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Seventy percent of college students and recent graduates said they would prefer a stable job without a high level of emotional investment or passion over a position with lots of passion but no job security, according to a recent survey.
Workforce consulting firm Adecco conducted the 2015 College Student Survey of 1,001 Millennial and Generation Z students and graduates ages 18-24 as part of its Way to Work program, which helps prepare young adults for internships and job opportunities. There were 444 respondents from Generation Z (born after 1995) and 557 from the Millennial generation (born between 1980-95).
The survey found that even though the majority (79 percent) of students are optimistic they will find a job in five months or less, and 42 percent believe they will find a job in less than three months, finding a job is still the top concern for both generational cohorts and nearly one-third (32 percent) of all respondents combined. The next most pressing concerns for the groups were the cost of education (16 percent) and their personal financial health (13 percent).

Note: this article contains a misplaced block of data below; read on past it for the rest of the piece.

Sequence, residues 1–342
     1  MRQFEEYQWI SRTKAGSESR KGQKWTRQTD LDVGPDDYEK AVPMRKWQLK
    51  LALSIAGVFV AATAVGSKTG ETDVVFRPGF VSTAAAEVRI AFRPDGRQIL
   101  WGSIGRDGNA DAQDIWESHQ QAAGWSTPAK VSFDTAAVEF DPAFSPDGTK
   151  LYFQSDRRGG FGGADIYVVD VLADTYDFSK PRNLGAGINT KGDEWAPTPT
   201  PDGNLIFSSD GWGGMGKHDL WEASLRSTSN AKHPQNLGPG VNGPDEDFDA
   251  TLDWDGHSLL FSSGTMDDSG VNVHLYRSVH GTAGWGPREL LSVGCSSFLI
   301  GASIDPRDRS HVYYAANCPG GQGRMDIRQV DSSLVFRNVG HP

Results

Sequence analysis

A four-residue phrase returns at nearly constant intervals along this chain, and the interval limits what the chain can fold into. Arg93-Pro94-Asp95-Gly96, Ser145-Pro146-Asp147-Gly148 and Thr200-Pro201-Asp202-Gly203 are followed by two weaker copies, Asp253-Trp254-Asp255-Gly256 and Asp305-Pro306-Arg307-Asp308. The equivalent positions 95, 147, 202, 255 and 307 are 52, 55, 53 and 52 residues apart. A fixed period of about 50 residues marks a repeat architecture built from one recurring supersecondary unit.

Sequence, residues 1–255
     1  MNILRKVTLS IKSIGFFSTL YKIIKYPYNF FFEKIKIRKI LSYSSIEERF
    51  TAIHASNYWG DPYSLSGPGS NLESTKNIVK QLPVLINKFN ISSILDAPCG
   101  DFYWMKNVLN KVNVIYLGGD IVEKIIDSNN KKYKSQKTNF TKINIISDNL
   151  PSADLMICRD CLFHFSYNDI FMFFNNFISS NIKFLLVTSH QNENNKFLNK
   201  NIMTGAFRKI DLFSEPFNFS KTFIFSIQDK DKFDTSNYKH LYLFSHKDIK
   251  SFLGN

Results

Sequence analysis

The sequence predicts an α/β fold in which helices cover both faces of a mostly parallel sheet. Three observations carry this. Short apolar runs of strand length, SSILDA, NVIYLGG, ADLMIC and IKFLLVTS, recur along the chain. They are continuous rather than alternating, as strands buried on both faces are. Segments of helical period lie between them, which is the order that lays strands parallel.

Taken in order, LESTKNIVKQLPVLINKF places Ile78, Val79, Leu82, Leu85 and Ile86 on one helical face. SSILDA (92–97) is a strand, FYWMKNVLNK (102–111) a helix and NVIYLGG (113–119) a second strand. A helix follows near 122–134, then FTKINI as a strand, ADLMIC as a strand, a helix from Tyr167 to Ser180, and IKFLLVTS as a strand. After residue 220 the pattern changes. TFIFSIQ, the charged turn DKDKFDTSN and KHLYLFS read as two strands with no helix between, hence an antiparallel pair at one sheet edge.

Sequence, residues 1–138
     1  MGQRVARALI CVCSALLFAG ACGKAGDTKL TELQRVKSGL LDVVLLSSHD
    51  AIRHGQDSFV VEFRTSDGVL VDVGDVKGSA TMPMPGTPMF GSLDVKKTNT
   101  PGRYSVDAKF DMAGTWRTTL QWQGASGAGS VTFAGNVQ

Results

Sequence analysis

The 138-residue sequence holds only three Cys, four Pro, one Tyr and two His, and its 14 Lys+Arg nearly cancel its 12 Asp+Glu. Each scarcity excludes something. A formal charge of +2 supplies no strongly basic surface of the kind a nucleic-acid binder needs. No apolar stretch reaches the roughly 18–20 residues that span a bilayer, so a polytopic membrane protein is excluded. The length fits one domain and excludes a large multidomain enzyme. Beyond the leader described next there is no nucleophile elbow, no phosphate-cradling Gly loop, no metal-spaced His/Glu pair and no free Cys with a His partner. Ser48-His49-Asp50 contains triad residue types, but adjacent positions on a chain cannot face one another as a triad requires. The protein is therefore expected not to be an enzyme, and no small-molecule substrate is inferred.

More members of Generation Z (21 percent) ranked the cost of education as their greatest concern compared to just 13 percent of Millennials.
The survey found that most students’ greatest aspiration in the next 10 years is to be financially stable (31 percent), followed by working in their dream job (28 percent). Broken down by generation, a greater share of Millennials (34 percent) aspire to financial stability than Generation Z (29 percent). Likewise, more members of the younger cohort (32 percent) aspire to landing their dream job compared with 24 percent of Millennials.
Other findings include:
Roy Maurer is an online editor/manager for SHRM.
Follow him @SHRMRoy
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